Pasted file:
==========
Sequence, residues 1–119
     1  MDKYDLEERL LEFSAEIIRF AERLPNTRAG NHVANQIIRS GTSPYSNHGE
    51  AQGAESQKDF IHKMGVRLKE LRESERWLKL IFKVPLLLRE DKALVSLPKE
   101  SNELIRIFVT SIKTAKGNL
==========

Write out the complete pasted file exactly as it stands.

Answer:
Sequence, residues 1–119
     1  MDKYDLEERL LEFSAEIIRF AERLPNTRAG NHVANQIIRS GTSPYSNHGE
    51  AQGAESQKDF IHKMGVRLKE LRESERWLKL IFKVPLLLRE DKALVSLPKE
   101  SNELIRIFVT SIKTAKGNL